A caring hand
Havel nears end of 42-year career
When Carol Havel first started her nursing career 45 years ago, syringes were still glass and medical gloves were washed and reused as often as possible.
"It was a lot different. Just a much different atmosphere back then," said Havel, who is retiring Jan. 11 from Morris Hospital & Healthcare Centers after 42 years with the hospital.
In her years of service at Morris Hospital, Havel worked as an obstetric nurse, emergency room nurse, operating room nurse, supervisor, team leader and assistant director of nursing, among many other positions. She is ending her career as vice president of patient care services.
"This is not just a job for money. It's who I am and what I do," Havel said.
"There is a need for this. It's not just a job. It's always been my profession, my avocation," she continued.
But now it's time for her to spend time with her husband, children and 10 grandchildren. But she said she won't be far. She lives in Morris and hopes to come back to the hospital to teach some classes.
'MAKING A DIFFERENCE'
In 1968, Havel first came to Morris Hospital as a "diploma graduate." When she attended school to be a nurse, it was done through nursing programs at hospitals that made them "diploma graduate" rather than getting college credits for a degree. The students stayed in dorms attached or near hospitals. Havel trained for three years at Methodist Hospital of Central Illinois.
"It wasn't uncommon then for hospitals to have schools of nursing," she said. "You worked under experienced nurses. It was more hands on then book work. Now it is the other way around."
Havel later got her bachelor's degree in nursing from Lewis University and her master's degree in nursing from Northern Illinois University.
She left Morris Hospital for a short time and returned in 1970. She's been there ever since.
Growing up on a farm in Verona, Havel often helped her father take care of livestock. At that time, women either started families or became nurses, secretaries, teachers or beauticians, so she chose to be a nurse, she said.
"It's a dynamic profession. It's different every single day. I love the contact, the stories the patients have, their lives," Havel said. "As a nurse, you really can make a difference. Sometimes you don't even know you're making a difference."
As a nurse, she's had families see her at the store and say things such as, "You helped my mom and made her so comfortable."
Some of the patients she helped will always stay with her — such as the infant boy born in 1968 premature. That was before there were special units for neonatal care, so the baby was not transported to a specialized hospital.
"We dropper fed him and kept him a long time before he could go home," she said. "It worked. He survived. Some made it and some didn't make it. There was no tube feeding babies like you do now. We didn't start IVs on kids."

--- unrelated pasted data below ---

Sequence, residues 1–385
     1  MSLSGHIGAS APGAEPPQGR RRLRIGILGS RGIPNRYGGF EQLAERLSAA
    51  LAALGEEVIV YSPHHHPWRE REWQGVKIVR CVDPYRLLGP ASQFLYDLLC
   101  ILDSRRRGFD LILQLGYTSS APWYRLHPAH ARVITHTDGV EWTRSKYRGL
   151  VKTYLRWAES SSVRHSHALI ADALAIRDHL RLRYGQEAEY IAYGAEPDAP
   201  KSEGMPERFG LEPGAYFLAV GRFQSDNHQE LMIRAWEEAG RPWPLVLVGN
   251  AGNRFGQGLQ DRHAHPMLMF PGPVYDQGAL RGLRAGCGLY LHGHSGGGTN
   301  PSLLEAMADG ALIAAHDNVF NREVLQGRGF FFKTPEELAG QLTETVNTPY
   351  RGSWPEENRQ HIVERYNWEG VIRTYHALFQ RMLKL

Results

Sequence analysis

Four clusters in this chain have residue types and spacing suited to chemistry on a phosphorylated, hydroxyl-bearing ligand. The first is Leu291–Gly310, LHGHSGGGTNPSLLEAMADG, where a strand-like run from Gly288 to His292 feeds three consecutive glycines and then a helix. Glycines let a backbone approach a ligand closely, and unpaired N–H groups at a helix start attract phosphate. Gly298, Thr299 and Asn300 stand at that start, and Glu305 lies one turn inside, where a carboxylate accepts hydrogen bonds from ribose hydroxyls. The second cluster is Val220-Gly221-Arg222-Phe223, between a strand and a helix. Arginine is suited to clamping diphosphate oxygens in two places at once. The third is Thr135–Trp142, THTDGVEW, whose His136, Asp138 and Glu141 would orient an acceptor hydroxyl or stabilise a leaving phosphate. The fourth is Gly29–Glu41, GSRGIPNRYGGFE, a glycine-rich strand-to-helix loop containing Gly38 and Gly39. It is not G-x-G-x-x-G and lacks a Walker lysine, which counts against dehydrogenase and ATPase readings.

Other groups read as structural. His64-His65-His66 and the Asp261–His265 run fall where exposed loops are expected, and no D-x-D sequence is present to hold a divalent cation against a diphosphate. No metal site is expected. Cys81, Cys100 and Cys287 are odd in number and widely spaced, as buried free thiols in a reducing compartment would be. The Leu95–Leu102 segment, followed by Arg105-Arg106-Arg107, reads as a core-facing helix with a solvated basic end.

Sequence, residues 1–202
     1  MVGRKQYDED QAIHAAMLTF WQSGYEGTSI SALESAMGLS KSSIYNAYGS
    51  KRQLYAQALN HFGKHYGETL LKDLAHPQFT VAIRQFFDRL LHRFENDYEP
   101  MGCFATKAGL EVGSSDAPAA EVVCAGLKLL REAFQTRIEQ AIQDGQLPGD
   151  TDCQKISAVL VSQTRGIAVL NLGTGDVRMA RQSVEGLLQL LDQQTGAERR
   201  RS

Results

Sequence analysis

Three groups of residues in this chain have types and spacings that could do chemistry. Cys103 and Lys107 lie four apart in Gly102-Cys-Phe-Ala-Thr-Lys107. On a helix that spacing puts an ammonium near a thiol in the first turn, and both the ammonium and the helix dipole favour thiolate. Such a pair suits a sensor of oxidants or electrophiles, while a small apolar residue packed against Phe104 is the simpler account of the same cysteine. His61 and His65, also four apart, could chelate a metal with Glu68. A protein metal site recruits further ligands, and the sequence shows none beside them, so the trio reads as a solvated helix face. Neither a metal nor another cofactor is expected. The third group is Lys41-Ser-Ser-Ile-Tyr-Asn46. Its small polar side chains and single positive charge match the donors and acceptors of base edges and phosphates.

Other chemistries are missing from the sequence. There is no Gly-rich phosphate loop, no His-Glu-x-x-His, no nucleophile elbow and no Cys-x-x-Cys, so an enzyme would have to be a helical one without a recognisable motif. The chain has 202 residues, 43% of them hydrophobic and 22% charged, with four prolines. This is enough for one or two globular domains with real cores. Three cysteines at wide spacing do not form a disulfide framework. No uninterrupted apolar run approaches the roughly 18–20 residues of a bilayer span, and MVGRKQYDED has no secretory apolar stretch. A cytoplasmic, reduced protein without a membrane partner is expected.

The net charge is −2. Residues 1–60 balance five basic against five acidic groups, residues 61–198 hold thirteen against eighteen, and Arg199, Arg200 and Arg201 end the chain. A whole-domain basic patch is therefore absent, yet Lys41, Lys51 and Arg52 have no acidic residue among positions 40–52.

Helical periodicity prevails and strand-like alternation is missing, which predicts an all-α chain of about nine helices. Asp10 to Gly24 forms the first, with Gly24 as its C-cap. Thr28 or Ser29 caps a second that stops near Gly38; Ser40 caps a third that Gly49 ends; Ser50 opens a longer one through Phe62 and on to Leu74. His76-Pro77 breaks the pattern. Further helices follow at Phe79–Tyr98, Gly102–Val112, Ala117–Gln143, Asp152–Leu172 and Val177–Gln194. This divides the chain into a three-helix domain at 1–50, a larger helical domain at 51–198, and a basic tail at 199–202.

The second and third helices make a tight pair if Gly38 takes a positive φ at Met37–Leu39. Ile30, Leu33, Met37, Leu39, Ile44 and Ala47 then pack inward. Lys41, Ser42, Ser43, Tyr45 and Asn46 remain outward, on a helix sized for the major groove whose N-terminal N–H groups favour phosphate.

Technology has drastically changed her profession through the decades.
When she began as a nurse, syringes were glass and, therefore, reused after washing and sterilizing the syringes and needles. It was the same for medical gloves. They were washed, holes patched and covered in powder.
"Now all of that is disposable," Havel said.
To give a patient morphine, a nurse had a Bunsen Burner on a medical cart that she melted the morphine on a spoon with and mixed with saline solution, waited for it to cool in the syringe, and then gave it to the patient.
"Now it's, 'No open flames in the hospital please,'" Havel said with a laugh.
Surgical procedures have changed immensely, as well. For instance, gallbladder surgery used have to be done with a very long incision, and the recovery time was seven to 10 days. Now the patient goes home the same day, and the procedure is microscopic, leaving three little holes.
When she was a staff nurse in the late 60s at Morris Hospital, if there was an emergency, a person rang the door bell and a nurse ran down a back staircase to let them in, and the nurse called the on-call doctor, Havel said. There was no emergency room entrance and emergency room doctors and nurses.
There wasn't even ambulance service. Often times, the funeral directors called by families would end up bringing patients in to the hospital.
"Now, we're a Level 2 Trauma Center with board-certified ER doctors and trauma specialist nurses," she said. "We have about 27,000 patients a year in our ER."
One thing that has not changed over the years is her pride in her hospital. In fact, it continuously grows.
"There are a lot of people who put their heart and soul into this hospital," Havel said, holding back tears. "There are so many people that work so hard here and that really care about the patients."
The pride Havel's co-workers have for her is just as strong is her pride in them.
"She was always there for me. It was not that long ago that I was in Iowa, when my husband was in the ER, and she stayed with him and kept calling me until I could get back here," said Diane Matteson, manager of ambulatory care and co-worker of Havel's for her entire career.
Havel looked out for all of her co-workers, said Pat Schultz, clinical manager of medical, surgical and pediatrics who also worked with Havel for decades.
"She was definitely dedicated to Morris Hospital and its communities," she said.